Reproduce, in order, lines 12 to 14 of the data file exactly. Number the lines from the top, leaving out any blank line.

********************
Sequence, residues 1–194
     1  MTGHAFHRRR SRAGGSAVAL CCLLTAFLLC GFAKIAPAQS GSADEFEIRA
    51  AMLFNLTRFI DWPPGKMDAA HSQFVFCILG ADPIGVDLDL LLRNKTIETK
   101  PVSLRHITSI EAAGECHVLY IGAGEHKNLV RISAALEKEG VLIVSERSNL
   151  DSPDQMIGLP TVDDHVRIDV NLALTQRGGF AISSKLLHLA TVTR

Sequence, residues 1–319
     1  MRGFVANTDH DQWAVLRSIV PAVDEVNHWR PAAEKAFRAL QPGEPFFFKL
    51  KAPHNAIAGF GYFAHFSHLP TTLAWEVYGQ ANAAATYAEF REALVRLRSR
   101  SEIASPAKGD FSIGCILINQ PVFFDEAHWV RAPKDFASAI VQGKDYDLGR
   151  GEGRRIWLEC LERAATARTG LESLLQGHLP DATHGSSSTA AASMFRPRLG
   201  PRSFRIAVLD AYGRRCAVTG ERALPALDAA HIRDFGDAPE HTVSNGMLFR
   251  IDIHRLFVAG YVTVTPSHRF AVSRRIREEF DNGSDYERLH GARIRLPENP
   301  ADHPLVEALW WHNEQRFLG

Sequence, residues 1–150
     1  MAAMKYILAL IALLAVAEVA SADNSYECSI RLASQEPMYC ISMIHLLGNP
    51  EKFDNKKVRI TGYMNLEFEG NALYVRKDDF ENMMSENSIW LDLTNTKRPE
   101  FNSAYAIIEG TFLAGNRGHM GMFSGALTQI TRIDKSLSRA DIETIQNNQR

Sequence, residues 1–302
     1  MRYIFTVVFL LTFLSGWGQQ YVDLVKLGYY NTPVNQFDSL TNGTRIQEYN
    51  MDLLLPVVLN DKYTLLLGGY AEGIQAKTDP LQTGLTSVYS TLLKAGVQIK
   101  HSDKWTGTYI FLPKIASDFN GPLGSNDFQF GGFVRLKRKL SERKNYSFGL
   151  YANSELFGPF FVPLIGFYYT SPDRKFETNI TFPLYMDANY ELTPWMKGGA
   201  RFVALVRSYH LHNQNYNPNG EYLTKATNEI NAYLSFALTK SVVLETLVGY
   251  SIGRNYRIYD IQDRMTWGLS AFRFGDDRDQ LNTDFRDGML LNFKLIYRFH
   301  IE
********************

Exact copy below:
   251  IDIHRLFVAG YVTVTPSHRF AVSRRIREEF DNGSDYERLH GARIRLPENP
   301  ADHPLVEALW WHNEQRFLG

Sequence, residues 1–150